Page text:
CD Review: After The Fall

Published in Drum Media (WA) | 17.01.13 | Issue # 321



16 January, 2013

Central Coast outfit After The Fall had a pretty sweet ride, with their first two releases being on major label Festival Mushroom Records in ’04 and ‘05, but then they thought it would be a good idea to go independent, and by the time their third album, [In] Exile, surfaced in ‘09, they had lost most of the momentum gained from extensive touring, festival spots and a wealth of airplay, and pretty much fell off the face of the planet. Most people who discovered they were releasing a fourth album were surprised that they were still kicking around. What’s more surprising is this album isn’t too bad.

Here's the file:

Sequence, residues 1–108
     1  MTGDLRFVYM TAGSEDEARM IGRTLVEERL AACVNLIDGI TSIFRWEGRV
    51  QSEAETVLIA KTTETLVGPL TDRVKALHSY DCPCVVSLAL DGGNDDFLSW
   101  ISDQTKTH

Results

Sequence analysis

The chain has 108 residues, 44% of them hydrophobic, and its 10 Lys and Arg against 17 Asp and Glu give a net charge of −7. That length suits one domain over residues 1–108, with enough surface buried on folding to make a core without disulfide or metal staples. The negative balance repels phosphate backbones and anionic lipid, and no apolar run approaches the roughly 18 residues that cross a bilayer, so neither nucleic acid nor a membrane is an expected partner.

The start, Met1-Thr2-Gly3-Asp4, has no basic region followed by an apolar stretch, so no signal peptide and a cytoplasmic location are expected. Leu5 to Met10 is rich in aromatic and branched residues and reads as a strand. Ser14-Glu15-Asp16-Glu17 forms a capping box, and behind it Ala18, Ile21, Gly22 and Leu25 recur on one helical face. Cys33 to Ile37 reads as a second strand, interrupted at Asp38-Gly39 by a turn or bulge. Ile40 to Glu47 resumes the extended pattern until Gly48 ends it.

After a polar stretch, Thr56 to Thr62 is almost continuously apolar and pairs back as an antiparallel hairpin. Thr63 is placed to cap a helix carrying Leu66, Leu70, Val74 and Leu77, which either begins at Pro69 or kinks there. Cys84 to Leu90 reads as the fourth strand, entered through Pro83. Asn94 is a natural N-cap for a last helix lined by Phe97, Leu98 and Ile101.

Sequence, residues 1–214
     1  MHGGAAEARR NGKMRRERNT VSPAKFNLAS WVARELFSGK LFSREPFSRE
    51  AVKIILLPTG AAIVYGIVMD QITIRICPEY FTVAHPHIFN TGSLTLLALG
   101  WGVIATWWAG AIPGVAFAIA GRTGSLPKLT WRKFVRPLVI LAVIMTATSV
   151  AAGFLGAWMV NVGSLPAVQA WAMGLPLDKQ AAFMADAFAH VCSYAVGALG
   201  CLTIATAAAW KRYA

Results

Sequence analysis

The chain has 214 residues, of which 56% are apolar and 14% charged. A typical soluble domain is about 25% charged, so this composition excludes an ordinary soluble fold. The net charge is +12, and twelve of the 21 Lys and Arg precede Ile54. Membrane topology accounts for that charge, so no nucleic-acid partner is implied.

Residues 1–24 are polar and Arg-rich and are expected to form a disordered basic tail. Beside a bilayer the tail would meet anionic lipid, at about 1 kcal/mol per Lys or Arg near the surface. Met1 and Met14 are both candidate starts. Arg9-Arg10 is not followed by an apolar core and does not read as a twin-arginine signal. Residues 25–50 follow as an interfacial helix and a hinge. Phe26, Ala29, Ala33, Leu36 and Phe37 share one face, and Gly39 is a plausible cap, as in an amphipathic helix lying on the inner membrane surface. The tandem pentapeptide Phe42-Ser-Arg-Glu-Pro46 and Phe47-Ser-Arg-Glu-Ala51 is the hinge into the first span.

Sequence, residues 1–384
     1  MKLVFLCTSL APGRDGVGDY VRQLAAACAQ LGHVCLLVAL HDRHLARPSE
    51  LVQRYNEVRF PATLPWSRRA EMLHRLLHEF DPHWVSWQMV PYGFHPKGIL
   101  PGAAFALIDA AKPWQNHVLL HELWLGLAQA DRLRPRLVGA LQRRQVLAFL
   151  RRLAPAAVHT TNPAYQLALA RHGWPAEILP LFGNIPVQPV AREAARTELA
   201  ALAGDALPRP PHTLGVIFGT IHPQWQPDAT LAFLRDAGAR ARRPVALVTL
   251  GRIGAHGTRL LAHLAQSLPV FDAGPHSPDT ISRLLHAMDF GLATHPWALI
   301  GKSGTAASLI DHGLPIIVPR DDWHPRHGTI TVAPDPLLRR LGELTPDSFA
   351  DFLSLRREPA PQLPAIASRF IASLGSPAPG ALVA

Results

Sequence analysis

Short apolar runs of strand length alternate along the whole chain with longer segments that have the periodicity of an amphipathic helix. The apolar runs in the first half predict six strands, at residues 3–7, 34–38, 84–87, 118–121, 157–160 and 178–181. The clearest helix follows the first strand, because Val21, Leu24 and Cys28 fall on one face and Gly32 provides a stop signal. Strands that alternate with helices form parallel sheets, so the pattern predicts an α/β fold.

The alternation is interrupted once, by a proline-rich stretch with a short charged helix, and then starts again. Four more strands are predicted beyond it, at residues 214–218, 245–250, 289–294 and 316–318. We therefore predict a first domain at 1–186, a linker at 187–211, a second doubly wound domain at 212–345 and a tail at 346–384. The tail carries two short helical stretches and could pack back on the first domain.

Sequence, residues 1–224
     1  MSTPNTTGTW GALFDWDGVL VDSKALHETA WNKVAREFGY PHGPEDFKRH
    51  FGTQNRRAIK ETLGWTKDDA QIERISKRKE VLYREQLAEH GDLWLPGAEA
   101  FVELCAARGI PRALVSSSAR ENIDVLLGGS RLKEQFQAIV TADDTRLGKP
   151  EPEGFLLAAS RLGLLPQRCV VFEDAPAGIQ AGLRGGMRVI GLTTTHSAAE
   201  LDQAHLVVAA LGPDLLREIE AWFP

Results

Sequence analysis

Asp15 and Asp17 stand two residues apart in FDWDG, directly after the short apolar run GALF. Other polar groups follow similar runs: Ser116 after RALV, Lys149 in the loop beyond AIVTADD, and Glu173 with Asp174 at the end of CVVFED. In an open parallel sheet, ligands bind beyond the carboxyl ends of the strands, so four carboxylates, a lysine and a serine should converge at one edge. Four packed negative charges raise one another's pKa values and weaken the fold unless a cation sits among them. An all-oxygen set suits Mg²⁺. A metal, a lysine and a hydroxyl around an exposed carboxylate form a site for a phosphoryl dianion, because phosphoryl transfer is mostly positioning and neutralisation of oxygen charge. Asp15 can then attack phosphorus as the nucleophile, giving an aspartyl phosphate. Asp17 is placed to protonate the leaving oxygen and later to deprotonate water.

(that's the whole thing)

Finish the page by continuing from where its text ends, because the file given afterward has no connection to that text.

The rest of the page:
Home recordings seem to be all the rage these days, and recorded mostly in houses that guitarist Mark Warner was house-sitting (home owners may have returned to some angry neighbours), not only can they boast about free electricity, but they’ve created their rawest and most organic album yet.

While this album packs quite a punch and shows that, left to their own devices, After The Fall can produce a solid record, it unfortunately doesn’t offer any tracks that stand out as singles, or are as catchy as 2004’s Mirror Mirror or 2005’s Concrete Boots. That said, put Bittersweet’s Liesor Dirty Sheets up against either of those past singles in a live environment and it will tear them a new one. The band said they made this record for no one else but themselves. These 11 songs truly reflect that claim, and it wouldn’t be surprising to find After The Fall playing club shows 15 years from now, even if to no one other than themselves and a few drunks.

Daniel Cribb